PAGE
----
Why we see floods following fires: A tale of two extremes

Some say opposites attract, and in the case of wildfires and floods, that is kind of true

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With wildfire season well underway, some may be shocked to see the same areas impacted by fires become victims to flash flooding, or even landslides depending on the topography of the area, in the following days to months or even years.

We’ve seen tragic and disastrous examples of this in the past, such as with the 2018 Montecito mudslides in southern California. The deadly mudslides came following a highly destructive wildfire season in 2017 and struck the mountainside town in the early morning hours after a heavy rainfall soaked the landscape.

(Public domain photo/U.S. Coast Guard) Santa barbara county neighborhood affected mudslides - 09 Jan 2018

Homes and streets of a neighborhood affected by the Santa Barbara County mudslides in Santa Barbara, California are shown, Jan. 9, 2018, from the perspective of a Coast Guard MH-65 Dolphin helicopter crew involved in rescuing injured and stranded victims. Coast Guard helicopters were dispatched from Los Angeles-Long Beach and San Diego to assist local first responders with rescue efforts. (U.S. Coast Guard photo/Wikipedia)

Or more recently in Australia, who experienced an unprecedented bushfire season in 2019/2020 that blazed intensely and caused massive environmental damage. Two years later, the same areas affected by the fires became significantly flooded after receiving an unprecedented amount of rain.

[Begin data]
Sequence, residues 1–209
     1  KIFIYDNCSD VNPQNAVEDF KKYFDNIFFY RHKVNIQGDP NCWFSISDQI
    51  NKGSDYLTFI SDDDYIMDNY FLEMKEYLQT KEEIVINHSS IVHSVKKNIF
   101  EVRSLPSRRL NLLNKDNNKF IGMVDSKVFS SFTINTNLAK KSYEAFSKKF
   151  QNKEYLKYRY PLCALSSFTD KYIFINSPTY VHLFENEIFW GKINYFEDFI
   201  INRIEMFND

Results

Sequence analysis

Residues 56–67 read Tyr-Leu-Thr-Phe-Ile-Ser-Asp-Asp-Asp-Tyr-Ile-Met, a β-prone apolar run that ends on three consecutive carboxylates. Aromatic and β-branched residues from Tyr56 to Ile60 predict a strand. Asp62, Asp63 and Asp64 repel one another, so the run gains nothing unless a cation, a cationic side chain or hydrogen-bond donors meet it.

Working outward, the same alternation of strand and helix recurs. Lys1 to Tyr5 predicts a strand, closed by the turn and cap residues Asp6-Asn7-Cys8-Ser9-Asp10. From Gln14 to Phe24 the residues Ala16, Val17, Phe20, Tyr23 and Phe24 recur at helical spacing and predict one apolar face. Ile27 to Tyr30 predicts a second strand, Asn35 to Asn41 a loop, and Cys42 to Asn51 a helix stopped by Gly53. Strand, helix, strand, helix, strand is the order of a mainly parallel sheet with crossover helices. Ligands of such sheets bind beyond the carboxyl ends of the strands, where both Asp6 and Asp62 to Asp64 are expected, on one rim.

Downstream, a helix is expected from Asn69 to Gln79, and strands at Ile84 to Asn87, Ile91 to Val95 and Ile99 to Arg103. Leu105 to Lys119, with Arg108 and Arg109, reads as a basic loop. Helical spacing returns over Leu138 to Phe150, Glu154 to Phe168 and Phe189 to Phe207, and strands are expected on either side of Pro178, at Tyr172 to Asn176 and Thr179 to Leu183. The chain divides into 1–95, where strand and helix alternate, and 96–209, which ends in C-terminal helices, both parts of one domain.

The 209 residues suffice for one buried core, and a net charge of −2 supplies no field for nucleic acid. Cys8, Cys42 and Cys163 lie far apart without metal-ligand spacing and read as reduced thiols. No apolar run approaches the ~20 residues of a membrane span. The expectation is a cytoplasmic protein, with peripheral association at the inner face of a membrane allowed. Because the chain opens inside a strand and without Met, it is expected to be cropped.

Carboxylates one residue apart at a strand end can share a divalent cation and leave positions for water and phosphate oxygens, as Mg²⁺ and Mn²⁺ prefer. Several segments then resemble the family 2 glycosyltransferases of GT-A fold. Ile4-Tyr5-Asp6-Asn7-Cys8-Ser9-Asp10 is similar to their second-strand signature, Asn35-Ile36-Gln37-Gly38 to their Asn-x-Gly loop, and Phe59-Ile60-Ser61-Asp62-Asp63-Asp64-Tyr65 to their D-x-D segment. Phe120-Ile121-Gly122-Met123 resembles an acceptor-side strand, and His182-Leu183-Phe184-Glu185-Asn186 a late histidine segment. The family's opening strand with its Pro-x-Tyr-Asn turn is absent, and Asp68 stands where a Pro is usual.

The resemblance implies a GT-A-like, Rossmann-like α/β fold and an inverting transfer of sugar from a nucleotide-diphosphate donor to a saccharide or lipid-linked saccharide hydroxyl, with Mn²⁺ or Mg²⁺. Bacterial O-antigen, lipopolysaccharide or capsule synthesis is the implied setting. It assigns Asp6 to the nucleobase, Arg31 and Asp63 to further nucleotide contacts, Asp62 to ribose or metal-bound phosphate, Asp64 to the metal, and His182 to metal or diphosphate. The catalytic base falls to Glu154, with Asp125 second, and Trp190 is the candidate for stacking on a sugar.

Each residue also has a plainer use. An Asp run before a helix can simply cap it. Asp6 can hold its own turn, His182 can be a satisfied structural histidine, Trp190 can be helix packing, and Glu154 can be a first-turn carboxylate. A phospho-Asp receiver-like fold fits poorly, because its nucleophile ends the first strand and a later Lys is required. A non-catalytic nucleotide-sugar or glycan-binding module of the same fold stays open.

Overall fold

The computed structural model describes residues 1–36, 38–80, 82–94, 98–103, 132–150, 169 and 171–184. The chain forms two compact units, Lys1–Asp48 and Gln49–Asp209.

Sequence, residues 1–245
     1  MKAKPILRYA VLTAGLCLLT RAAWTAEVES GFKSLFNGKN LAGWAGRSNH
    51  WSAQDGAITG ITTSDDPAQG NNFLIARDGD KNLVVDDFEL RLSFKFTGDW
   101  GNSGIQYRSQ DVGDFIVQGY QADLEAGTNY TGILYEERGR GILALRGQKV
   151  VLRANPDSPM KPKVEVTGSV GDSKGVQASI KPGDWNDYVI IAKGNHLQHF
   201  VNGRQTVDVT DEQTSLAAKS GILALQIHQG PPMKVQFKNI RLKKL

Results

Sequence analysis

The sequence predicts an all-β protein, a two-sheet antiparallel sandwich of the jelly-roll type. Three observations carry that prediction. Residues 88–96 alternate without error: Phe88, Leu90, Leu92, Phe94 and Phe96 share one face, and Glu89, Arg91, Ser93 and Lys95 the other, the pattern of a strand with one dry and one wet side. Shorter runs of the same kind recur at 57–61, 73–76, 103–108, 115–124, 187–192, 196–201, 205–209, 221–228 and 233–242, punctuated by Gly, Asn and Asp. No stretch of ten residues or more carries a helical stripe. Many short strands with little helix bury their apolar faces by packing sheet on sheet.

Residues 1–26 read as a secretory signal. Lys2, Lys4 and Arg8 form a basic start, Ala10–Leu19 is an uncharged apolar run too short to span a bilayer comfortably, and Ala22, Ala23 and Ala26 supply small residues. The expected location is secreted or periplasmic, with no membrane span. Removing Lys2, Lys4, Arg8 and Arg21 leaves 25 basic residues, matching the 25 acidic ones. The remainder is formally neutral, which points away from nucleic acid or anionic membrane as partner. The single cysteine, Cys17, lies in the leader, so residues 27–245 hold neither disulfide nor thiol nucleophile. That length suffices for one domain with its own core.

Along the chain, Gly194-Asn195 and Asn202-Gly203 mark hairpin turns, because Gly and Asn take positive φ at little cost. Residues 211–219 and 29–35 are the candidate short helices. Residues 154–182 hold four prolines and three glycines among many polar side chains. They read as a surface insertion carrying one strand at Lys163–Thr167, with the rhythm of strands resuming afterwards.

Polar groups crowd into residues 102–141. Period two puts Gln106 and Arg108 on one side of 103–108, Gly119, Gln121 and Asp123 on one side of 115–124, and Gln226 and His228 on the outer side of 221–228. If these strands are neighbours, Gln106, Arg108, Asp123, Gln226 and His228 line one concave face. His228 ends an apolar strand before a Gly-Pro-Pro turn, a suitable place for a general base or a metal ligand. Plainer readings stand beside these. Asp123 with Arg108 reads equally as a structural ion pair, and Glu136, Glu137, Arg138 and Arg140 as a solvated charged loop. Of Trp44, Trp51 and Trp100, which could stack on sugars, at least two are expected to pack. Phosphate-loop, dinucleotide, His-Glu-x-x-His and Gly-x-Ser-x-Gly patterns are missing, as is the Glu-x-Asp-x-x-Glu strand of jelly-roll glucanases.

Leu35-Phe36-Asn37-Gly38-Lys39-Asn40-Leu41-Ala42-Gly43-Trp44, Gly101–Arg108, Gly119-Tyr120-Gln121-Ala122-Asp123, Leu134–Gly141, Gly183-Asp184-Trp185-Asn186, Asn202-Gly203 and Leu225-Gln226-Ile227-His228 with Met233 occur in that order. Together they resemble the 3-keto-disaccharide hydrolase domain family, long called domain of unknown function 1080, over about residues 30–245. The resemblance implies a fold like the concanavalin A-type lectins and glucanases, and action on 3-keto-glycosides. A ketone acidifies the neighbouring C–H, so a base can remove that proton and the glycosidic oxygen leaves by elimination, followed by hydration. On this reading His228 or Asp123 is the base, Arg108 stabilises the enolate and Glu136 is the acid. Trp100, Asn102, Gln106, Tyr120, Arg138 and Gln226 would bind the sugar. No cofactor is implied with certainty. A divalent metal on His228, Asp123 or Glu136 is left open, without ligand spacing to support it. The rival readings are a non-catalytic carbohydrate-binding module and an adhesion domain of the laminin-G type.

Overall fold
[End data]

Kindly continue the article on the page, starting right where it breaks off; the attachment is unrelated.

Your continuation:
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While this may seem like a cruel coincidence, it’s really not. It’s science, it’s nature.

Altering the landscape

Wildfires can alter landscapes in a few ways; they remove vegetation that would otherwise provide stabilization and absorption to the ground, and they can alter the soil composition itself.

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If a fire burns hot enough, or is persistent enough, it can change some compounds in the soil to make the soil hydrophobic. Meaning any heavy rainfall that occurs in the affected area will simply pool on the ground surface, as the soil will repel the water.

Flood risk hazards from burn scars

What comes next

While this is a great risk on its own, combine it with a lack of trees and vegetation to slow the flow of water and you have a destructive flash flood.

Even more dangerous is when this happens on a slope, such as what happened in California in 2018. Gravity is going to pull all that water down, and with it, any debris it picks up along the way. This results in deadly, fast-moving mudslides (a type of debris-laden landslide).

This is definitely much more of a threat in fire-prone areas of Canada such as British Columbia or southwestern Alberta. But flash floods are still dangerous no matter where they are in the country.

Without vegetation or soil to absorb the water around river beds and basins, increases in water volume from heavy rain events will have nowhere to go except up and out onto the land.

McLeod River flooding with burned forest. June 20-21, 2023 (Kyle Brittain)

Flooding along the McLeod River, Alta. on June 20, 2023 with sections of forest burned from the wildfires earlier in the month. (Kyle Brittain)

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We actually see this fairly often in Canada, too. For example, much of northwestern Ontario suffered from numerous out of control wildfires in the summer of 2021. In the following spring of 2022, many areas suddenly got an abnormal amount of spring rainfall that triggered widespread flooding, such as around Rainy Lake, along the Minnesota border.

We’ve also seen this in the 2023 wildfire season with flash flooding in British Columbia and Alberta following the weeks of brutal wildfires, giving residents no respite from the forces of nature. In these instances, it seems relief from the wildfires comes in the form of a double-edged sword.

Thumbnail image of the McLeod River, Alta. on June 20, 2023 courtesy of Kyle Brittain.